Or at least one musing. And I’m not sure yet how much meandering.
On many of my Wednesday Walks, but particularly on this one, I have noticed people running with dogs. Let me quickly explain that this is not the same as “running with wolves.” If it were, I would most likely remain indoors. And I am understating with “most likely.”
What I’m talking about is the regular occurrence of people – men and women; they both do it – holding a leash, running, with their dogs running alongside them. Which they are obligated to do if they don’t want to get strangled by the leash.
What appears to be happening is one of my least favorite planning strategies – “Killing two birds with one stone.” I hate killing two birds with one stone. I don’t like killing any birds at all. Though, contradictorily, when I was twelve, I did try to bring one down with an air rifle. I missed.
“Killing two birds with one stone” is a self-serving time saver, which invariably ends up killing no birds, and wasting a stone. (Note: Shameless dog owners could claim they are killing three birds with one stone, the third “bird” – providing exercise for the dog.)
Here’s the rationale behind this two (or three)-birds-with-one-stone situation:
“I want to take my dog outside, and I want to run. Hey, I know! I will go outside and run with my dog!” (“And my dog gets to run too!”)
Fine. Except, Mr. or Ms. Two (or Three)-Bird-Killer: Have you ever, as I have as you speedily traverse my path, seen the intense look in your dog’s eyes? Trust me. That canine is not happy. It’s like,
“I wanted to go outside. And now I’m running. I have no interest in running. I just wanted to go outside.”
(Adding, if it’s a particularly talkative dog:)
“Why am I running, when what I really want to do is to go inside and lie down on a rug?”
Am I projecting my own feelings here, about being forced to run when you don’t have a say in the matter? Is this merely a flashback to my Bathurst Heights Collegiate gym class days? Perhaps. But I am not imagining the sense of annoyance in those people’s pets’ eyes. Those pooches are pissed!
“We can’t just go outside for me. They have got to throw in the running.”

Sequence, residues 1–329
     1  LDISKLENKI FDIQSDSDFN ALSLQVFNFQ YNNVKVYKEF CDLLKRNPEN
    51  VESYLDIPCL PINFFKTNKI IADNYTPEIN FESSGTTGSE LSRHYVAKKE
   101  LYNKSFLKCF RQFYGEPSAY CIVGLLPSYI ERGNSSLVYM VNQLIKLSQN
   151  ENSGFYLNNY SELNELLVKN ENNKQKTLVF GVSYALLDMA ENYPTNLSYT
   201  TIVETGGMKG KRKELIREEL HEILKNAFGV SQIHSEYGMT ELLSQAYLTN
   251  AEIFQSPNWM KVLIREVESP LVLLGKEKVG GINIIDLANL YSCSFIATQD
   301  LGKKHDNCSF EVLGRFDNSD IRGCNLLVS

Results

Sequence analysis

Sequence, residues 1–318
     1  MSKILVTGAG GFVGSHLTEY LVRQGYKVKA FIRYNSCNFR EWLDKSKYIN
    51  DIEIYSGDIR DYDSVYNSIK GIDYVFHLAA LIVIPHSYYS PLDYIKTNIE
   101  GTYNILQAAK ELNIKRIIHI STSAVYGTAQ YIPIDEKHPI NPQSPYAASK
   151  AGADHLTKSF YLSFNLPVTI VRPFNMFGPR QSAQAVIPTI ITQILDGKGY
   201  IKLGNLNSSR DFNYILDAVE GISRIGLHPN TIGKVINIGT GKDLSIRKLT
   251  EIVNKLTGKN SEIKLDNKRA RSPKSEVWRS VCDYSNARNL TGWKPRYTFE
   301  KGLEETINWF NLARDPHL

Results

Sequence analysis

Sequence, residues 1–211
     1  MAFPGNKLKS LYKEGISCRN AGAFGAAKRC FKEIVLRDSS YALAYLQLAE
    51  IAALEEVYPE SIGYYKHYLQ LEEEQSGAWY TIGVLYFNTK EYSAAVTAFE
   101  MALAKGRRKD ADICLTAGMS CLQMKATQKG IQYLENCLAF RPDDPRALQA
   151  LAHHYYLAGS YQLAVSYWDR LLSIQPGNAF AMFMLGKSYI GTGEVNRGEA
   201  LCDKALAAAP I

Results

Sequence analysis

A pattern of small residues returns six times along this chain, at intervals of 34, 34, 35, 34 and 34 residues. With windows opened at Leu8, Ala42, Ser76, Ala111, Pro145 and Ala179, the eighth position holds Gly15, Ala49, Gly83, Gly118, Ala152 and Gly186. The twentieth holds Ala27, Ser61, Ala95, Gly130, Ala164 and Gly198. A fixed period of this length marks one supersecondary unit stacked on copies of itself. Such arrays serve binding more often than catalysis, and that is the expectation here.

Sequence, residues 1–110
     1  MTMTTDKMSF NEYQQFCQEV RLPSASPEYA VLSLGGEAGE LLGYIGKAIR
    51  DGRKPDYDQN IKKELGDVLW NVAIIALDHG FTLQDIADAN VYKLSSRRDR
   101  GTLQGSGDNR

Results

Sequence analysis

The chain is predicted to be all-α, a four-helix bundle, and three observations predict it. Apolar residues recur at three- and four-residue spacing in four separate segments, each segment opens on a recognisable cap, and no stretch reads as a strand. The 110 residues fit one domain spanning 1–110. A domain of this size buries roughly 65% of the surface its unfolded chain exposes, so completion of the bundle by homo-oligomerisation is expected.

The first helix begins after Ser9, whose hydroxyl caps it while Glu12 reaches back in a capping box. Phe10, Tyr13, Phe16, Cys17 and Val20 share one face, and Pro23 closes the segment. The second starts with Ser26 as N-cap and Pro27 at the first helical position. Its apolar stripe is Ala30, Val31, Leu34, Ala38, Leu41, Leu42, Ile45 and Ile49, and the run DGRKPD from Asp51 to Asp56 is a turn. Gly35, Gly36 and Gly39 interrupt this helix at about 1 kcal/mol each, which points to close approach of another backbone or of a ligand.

There is a screaming injustice here, which reminds me of the Supreme Court’s Plessis versus Ferguson decision of 1896. For obvious reasons. Plessis established the “separate but equal” principle, without ever consulting with the “separates” as to whether they would not prefer to simply be equal.
Though perhaps I am overthinking this point.
My next thought naturally turns to the – to me, inexplicable practice – of running itself.
A man goes streaking by me, taking enormous strides, at a pace that would leave thoroughbreds scratching their heads.
“I run that fast. But they’re hitting me with a stick!”
Why, I can’t help wondering, do people run?
I know why they used to run. To get away from big, scary animals that were running after them. But today, those animals are extinct. Possibly due to excessive running.
Unless you live in the wilderness, and if you exclude urban street thugs – which, in my sixty-seven years of urban living I have encountered exactly none – “running for your life” is an anachronism, now applied primarily to sitcom writing staffs whose script is in terrible shape and they have desperately little time to fix it. And that’s figurative “running for your life”, which feels the same – because in both cases you think you’re going to die – but isn’t.
So that rationalization for running is out. As is “So I can get places faster.” Modern society has provided superior alternatives in that regard.
So why then, once again, do people run?
“Because they likes to.”
Fine. It’s a free country. Anyone can virtually do anything that is not harmful to others.
“I like to eat fire. Is that a crime?”
No. It’s stupid. But it’s not a crime.
People run because they like to challenge themselves. They run to stay physically fit. Others run for the well documented “runner’s high”, triggering endorphin-induced feelings of euphoria and happiness without ingesting products that could get you arrested, or in rehab, or if you’re a celebrity, in “Celebrity Rehab.”
In the movie Chariots of Fire (1981), an Olympic long-distance runner espoused a religious reason for running: “…when I run, I feel His pleasure.” So, some people run for God. Though if it were me, I would ask God why He created those big, scary animals that required us to learn to run in the first place.
Of course, I’m just a big troublemaker.
Let’s turn things around for a second.
Why don’t I run?
Well sir, I have always harbored this theory: If you do not want to incur any sports injuries – which I do not – do not do any sports. To date, this strategy has worked like a charm. No sports, no sports injuries.
I met a guy once who had undergone four knee replacements as a result of skiing. I do not ski. And I retain my own knees. (By the way, that lunatic is still skiing.)
You know, when you think of it, runners and walkers are on the same continuum; I’m just at the really, really slow end of it, not far from, “Standing Entirely Still.”
A meaningless comparison? I don’t think so.
And neither do the poor dogs those runners are dragging along.
“I wish you owned me,” I hear them whine,
As their paws go skidding the sidewalk.